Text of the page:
Gateway Drugs: Not for Kids Kids At Home Don't Read This

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5. Choose a name and business entity.

Based on all the great work + discovery you do in the four steps above, pick a name that suits you + your audience + your content. Make the highly debated choice between branding yourself as yourself, Sarah McGinnis, or yourself as a company, McGinnis Coaching, or a company company: Muffin Tops Consulting.

Then it’s time to choose whether you’ll operate as a sole proprietor or perhaps form an LLC. Here are a few facts on the common business entities for you (from back when I was writing about semi-boring things like that).

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6. Build your brand identity.

If there was a spectrum of brand identities, on the “bad” end would be brand identities that take away from or hurt your brand. Yeah. I’m talking to you if you built your logo with clipart in a word processor.

On the good end would be identities that excite or add awesomeness to your brand.

And in the middle would be brand identities (like mine) that neither hurt nor greatly enhance. Pretty much, if you like me, you like me for my content, and my brand identity doesn’t distract you or pull you out of my content in disgust. I think.

Whatever you do, don’t end up on the distracting end of the spectrum. My actual feelings get hurt when I see a brand that has a 15-color + 7-font logo, with all 15 colors and 7 fonts used frequently throughout the site. Please don’t act like you’ve never seen it.

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7. Build a business plan, vision + mission statement.

I wrote a post on business plans for bloggers you can use as a guide.

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8. Establish an online presence and strategy.

Which will include things like:

  • understanding the basics of SEO (search engine optimization)
  • understanding SMO (social media optimization)–check out this article on SMO and these tips and video recording on SMO by Peg Fitzpatrick as a start–yep, linked to her twice because she’s that amazing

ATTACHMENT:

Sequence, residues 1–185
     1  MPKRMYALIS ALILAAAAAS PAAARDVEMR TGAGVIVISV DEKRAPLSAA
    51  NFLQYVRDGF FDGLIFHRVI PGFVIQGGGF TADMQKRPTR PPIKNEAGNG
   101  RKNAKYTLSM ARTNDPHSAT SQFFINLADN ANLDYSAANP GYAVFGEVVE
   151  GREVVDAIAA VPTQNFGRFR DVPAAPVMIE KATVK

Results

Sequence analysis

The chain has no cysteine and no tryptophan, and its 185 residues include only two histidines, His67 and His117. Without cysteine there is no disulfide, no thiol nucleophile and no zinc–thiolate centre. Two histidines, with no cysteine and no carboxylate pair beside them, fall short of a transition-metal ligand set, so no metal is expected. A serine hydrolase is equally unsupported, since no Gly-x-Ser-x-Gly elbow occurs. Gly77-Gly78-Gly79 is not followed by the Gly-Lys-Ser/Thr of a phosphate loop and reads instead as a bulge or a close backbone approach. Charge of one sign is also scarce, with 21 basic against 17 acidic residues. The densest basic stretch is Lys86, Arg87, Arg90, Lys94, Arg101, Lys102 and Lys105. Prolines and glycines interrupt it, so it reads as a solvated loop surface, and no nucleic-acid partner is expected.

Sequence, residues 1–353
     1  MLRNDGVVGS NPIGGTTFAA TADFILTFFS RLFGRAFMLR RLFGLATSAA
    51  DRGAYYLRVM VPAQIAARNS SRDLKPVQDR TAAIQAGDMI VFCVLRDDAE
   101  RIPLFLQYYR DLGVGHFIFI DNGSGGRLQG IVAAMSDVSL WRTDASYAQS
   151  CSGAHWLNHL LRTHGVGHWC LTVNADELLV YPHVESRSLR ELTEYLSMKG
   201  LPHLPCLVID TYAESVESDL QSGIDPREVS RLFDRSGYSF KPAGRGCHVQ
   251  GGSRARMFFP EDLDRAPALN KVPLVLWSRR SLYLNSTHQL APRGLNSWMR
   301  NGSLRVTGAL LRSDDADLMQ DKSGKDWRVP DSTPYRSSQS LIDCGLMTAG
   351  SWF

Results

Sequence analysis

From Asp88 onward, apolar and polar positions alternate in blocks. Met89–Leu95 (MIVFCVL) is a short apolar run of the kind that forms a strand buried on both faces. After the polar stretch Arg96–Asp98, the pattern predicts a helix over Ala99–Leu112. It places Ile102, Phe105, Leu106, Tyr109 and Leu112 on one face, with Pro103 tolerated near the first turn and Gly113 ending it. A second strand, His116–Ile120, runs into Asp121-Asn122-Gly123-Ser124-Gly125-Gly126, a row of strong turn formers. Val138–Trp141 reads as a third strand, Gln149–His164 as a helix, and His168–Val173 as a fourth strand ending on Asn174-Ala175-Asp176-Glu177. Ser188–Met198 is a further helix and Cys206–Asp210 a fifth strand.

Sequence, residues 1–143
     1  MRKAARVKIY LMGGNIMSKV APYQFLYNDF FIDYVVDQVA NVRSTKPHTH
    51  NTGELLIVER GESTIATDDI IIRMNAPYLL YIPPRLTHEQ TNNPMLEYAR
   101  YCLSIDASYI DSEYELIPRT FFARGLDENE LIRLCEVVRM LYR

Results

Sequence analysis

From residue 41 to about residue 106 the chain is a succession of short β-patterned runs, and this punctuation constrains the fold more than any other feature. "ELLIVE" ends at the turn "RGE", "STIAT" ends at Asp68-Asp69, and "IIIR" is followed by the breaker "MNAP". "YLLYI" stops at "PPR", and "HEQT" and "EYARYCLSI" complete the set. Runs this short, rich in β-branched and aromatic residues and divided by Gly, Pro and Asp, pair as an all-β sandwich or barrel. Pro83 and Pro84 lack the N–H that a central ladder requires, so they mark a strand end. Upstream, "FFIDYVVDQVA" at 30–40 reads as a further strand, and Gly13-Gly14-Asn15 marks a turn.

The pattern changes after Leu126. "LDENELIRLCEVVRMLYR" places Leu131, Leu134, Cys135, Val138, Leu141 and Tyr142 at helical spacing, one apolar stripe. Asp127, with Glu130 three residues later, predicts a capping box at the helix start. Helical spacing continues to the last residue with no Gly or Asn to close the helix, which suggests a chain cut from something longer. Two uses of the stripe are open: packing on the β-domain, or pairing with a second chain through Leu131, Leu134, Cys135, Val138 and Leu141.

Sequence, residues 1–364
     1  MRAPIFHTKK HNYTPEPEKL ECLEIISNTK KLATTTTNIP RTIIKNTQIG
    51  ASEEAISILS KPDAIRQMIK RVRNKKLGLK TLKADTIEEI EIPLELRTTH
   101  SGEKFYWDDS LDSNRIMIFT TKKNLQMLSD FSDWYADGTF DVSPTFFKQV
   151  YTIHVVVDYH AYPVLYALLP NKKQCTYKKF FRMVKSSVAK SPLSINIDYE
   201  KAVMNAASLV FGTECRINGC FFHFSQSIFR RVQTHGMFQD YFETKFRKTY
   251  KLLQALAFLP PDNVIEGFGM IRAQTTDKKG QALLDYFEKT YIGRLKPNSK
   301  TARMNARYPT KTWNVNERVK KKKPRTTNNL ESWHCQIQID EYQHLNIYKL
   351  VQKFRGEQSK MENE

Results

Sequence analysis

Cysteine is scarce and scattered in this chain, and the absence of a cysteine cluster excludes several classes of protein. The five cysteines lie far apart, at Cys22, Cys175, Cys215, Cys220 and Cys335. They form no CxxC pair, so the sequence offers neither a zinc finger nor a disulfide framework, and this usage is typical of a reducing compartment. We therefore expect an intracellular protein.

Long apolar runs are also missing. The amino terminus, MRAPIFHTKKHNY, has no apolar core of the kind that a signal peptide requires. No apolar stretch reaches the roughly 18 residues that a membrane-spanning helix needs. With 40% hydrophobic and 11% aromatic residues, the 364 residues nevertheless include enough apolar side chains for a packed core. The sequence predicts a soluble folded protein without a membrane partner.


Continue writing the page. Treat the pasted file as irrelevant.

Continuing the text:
• getting with the Pinterest and Google+ movements, if applicable
  • learning the ropes of Twitter and how to add value with your tweets and connections
  • being engaging on Facebook, LinkedIn, and any other applicable social platforms
  • crafting an overall plan for how your accounts tie together
  • creating a consistent brand identity online (through graphics, tone + content)
  • figuring out the best web host and website solution for your business, then getting an attractive site and blog built

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9. Blog like it’s your only hope.

Mainly because it is your only hope.
Too dramatic? Okay. It is the vehicle most likely to get you to your destination. So find use your voice early on, you’ve already found it, because it’s yours. Learn about spreading your message/content attractively + consistently.

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10. Develop your products and services (with your clients, strengths, and passions in mind).

Remember the gateway drugs? Consider those when you create your products and services. Or imagine a huge funnel: lots fits in at the top but it keeps getting narrower and narrower. Better yet, I’d like to call it The Downward Triangle (because it’s awkward and memorable and makes it sound like I do yoga).
Just call it the downward triangle The Downward Triangle

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11. Price to win-win.

At the end of a coaching session/package, your client should feel like she won (as in, value > price; or value = price), and you should feel like you won (as in, price + satisfaction > time or stress).